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Exploring a Blood-Based Biomarker of Inflammation for Alzheimer’s Disease

Dr. Bekris’ team found that patterns of sTREM2-related inflammatory activity were specific to Alzheimer’s disease stages.


A new study led by Lynn Bekris, PhD, Associate Staff in the Genomic Medicine Institute, suggests that inflammatory activity related to the sTREM2 protein may be linked to Alzheimer’s disease (AD) progression. Published in the Journal of Immunology, the findings provide evidence that targeting inflammation in the early stages of Alzheimer’s disease may be a feasible treatment strategy.

Genetic studies have demonstrated that variants of the gene that produces TREM2, a protein associated with inflammatory factor activity, significantly increase the risk for AD. Notably, levels of the protein’s soluble form, sTREM2, have been found to be elevated in cerebrospinal fluid (CSF, the liquid found in the central nervous system) during the early stages of AD.

“In this study, we investigated the connection between sTREM2 and inflammatory activity in relation to the different stages of the AD continuum,” said Dr. Bekris. “We specifically examined levels of sTREM2 and inflammatory factors in blood plasma, instead of CSF, since less is known about the role of the peripheral immune response, or the immune activity occurring outside of the central nervous system, in AD.”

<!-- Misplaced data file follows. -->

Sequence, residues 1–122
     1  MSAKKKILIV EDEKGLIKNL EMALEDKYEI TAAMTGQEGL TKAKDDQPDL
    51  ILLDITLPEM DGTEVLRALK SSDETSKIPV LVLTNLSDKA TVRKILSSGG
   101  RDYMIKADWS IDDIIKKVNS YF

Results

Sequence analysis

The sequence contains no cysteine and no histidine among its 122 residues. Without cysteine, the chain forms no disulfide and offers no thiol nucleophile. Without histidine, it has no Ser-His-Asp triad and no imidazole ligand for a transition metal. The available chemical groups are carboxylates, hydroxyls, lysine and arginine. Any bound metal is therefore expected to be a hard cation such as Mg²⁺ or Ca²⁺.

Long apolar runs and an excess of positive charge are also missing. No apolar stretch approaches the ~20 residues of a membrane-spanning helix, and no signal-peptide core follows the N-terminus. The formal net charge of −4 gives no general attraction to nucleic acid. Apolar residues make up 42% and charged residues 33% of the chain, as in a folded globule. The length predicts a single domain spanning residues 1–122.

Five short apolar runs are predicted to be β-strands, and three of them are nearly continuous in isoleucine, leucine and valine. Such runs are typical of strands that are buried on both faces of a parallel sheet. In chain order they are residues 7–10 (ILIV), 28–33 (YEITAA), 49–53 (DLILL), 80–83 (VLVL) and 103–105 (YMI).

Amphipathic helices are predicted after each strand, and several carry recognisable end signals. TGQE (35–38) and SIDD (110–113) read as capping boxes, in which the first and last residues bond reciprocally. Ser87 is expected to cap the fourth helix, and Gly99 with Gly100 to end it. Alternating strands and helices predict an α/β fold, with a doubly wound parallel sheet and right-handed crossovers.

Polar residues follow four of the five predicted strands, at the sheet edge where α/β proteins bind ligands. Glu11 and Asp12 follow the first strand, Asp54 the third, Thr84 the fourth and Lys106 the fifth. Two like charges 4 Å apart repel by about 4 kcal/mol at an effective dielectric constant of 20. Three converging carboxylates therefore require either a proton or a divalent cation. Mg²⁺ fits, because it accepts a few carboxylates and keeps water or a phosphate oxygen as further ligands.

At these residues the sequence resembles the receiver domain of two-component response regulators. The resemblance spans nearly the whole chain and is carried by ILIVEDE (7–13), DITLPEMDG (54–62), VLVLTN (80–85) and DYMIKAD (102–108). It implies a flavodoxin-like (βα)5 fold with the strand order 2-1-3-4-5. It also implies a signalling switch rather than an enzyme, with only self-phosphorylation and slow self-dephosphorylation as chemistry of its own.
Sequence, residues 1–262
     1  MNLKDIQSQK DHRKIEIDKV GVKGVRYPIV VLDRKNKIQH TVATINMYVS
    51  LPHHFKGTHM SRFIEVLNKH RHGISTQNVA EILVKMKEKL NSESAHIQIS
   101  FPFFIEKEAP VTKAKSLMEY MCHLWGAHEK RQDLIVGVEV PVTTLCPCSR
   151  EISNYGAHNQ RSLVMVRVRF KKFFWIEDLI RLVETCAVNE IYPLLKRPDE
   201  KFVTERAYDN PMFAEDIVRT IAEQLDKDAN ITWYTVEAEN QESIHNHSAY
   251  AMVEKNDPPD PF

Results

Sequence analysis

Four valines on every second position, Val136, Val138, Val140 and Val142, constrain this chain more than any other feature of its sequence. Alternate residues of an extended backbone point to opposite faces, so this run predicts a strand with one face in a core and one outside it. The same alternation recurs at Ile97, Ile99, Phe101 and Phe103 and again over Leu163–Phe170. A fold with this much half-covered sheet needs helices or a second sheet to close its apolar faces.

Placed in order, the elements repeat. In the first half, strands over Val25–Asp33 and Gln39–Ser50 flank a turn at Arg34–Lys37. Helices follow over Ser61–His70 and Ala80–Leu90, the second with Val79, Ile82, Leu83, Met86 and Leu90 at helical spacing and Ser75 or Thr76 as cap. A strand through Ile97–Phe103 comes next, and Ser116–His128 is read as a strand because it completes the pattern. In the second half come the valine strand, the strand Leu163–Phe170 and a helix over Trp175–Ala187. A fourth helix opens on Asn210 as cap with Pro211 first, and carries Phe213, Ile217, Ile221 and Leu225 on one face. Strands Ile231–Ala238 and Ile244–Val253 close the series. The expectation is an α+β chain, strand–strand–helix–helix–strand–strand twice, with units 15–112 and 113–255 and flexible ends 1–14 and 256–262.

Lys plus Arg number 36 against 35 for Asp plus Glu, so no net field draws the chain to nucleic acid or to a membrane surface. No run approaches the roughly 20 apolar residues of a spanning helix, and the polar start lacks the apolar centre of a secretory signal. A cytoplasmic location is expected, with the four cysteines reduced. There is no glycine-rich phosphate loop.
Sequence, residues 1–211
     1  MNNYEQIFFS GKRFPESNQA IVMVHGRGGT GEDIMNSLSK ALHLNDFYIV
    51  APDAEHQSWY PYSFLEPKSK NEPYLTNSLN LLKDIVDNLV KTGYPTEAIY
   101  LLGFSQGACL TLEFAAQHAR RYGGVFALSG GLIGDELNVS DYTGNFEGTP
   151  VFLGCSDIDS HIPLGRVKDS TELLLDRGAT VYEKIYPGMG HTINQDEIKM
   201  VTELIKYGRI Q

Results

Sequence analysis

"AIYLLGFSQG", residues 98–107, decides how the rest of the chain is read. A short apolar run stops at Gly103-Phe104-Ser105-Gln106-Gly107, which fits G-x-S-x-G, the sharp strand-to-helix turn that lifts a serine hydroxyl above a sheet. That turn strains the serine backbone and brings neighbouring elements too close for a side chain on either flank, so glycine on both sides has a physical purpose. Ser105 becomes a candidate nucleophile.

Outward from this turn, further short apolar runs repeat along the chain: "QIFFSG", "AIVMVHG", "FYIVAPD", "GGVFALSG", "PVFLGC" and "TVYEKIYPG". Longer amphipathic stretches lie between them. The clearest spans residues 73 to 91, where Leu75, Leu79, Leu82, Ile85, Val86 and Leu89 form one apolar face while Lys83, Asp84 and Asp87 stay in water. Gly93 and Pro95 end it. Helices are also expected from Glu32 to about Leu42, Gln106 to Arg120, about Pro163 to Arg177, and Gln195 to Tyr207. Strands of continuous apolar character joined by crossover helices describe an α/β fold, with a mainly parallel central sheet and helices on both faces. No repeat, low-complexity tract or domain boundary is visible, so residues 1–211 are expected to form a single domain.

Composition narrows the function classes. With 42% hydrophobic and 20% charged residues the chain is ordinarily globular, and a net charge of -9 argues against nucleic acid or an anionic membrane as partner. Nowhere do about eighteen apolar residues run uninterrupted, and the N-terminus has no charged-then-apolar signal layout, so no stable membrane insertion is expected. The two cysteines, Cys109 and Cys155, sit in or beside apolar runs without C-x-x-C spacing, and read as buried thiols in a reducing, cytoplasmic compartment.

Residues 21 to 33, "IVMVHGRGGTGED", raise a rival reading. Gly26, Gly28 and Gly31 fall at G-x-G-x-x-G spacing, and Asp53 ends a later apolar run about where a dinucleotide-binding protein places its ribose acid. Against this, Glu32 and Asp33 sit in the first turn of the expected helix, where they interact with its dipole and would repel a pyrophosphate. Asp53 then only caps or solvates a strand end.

sTREM2-related inflammatory activity altered in early AD

The researchers utilized a cohort of 200 individuals classified into three disease stages of AD: cognitively normal (88), mild cognitive impairment (37) and AD dementia (75). They further categorized a subset of the cohort based on the ATN continuum, a research framework that classifies AD patients based on CSF biomarkers of amyloid plaques, tau neurofibrillary tangles (two hallmarks of AD-related brain changes) and neurodegeneration.

Analyzing the levels of plasma sTREM2 and multiple inflammatory factors, including anti- and pro-inflammatory cytokines, across the different stages of AD (defined by positivity for CSF amyloid or tau biomarkers or by clinical assessment), the researchers found different patterns of sTREM2-related inflammatory activity that were specific to AD stage. Notably, they identified connections between sTREM2 and inflammatory factors that were much stronger in the groups without AD symptoms or CSF biomarkers, compared to the groups with symptoms or CSF biomarkers.

The researchers also identified several inflammatory factors that had significant relationships with sTREM2 and AD stage. Notable inflammatory factors that had both a significant relationship with sTREM2 and significantly different levels across groups were GM-CSF, FGF-2, IL-1β and fractalkine. 

“Overall, we observed severe dampening or uncoupling of the relationship between sTREM2 and various inflammatory factors in the early stages of AD that became less severe in the later stages,” said Dr. Bekris. “Our study was a small, exploratory investigation, so additional studies are needed to help tease apart these inflammatory effects on AD disease progression, but undoubtedly our findings provide further evidence that early elevation of sTREM2 plays a critical role in AD and that sTREM2-related inflammatory activity may serve as a stage-specific biomarker of AD progression.”

Grace Weber, PhD, a former postdoctoral fellow in the Bekris lab, was first author on the study, which was supported by the National Institute on Aging (part of the National Institutes of Health), Cleveland Clinic Center of Excellence Award Program, the Aging Mind Foundation and the Jane and Lee Seidman Fund.

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